We are using a screw drive to boost our mechanism the last bit to the highest hole for the balls. This there a way i can use the JVN Design Clac to figure out what motor would be the best?
Yes. A lead screw is just another gear reduction that you can apply to the linear actuator sheet.
What would i put in for pulley diameter since there is not a pulley?
I don’t know enough about our system to set it up totally, but chances are you can adapt it to use a simple linear or rotary system and use the JVN calculator to help select the motors
Use some formulas for a screw jack.
To figure out what torque you need to apply for lifting.
The linear actuator sheet uses pulley diameter to calculate distance traveled per revolution, so effectively it uses pulley diameter to calculate circumference.
You could calculate an equivalent pulley diameter for a lead screw based on the thread pitch.
For instance, using 3/8-16 threaded rod as a lead screw would give you 16 threads per inch, or 1/16 inch stroke per revolution.
(1/16 in) / 3.14 = ~0.0199 inch equivalent pulley diameter.
If you do this, then the gear ratios put into cells C12 - D15 would be for just the reduction from the motor to driving the lead screw.
Here’s an example, with 10:1 reduction driving a 16 threads/inch lead screw. Linear speed is around 2 inches per second.
@Jeffrafa nailed it.
Just a note: If this were for ACME Lead Screws, you would need to de-rated this by sometimes up to as much as 85%. There are online calculators to help with this as this is like a CNC machine lead screw. I do not have a good feel for standard screw values. The efficiency numbers I have gotten for 1/2" lead screws are between 15% to 30%. Now you have PLENTY of room and I do not think you will have an issue. But understanding how much friction you must overcome is a significant exercise for this type of mechanism. This does not include losses in your gearbox.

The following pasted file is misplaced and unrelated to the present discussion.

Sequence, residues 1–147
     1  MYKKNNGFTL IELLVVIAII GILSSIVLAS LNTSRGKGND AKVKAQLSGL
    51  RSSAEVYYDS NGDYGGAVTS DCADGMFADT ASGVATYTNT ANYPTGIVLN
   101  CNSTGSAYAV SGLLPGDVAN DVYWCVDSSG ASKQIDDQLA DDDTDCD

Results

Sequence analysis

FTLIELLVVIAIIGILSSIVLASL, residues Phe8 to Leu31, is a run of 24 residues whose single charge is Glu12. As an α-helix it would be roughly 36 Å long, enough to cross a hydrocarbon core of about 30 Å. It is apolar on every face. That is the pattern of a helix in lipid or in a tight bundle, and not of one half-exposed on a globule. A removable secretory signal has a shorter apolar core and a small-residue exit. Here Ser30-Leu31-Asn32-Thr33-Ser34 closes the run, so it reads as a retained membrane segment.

So I played around with different efficiency numbers in the JVN linear spreadsheet, and realized the ‘current draw per motor (loaded)’ field does not reference gearbox efficiency at all. Changing between 1% and 100% shows the same current, which obviously doesn’t make much sense. This seems to be true for all the mechanism tabs.
I’m also not the first one to notice this issue.
What a coincidence! I’m working on adding a leadscrew calculator to my design spreadsheet and I noticed the same thing.
I just sent JVN an email about it today. He hasn’t responded yet, but I expect that it was just mistakenly omitted. If you don’t want to wait for JVN’s next release, you can fix it yourself by adding “/D8” before the plus sign at the end of the motor current equation.
See Jared’s comment regarding the efficiency calculation in the JVN calculator:
Ah, that’s an interesting note. Having it represent “holding” current could make sense for an elevator or arm - but less so for the ‘intake mechanism’ tab. Generally intakes would be running continuously until the gamepiece clears, not stalling in a loaded condition.
Given directly above, the table shows actuation speed ‘loaded’, it’s not intuitive that the current draw loaded would not be at speed.
Perhaps there just needs to be a note clarifying that it’s current at stall, and maybe the enhancement is to add current draw while moving under load as an additional field?
Also interesting that the stall load next to the current draw is affected by efficiency, essentially showing the max load that can be overcome to get moving given the gearbox efficiency.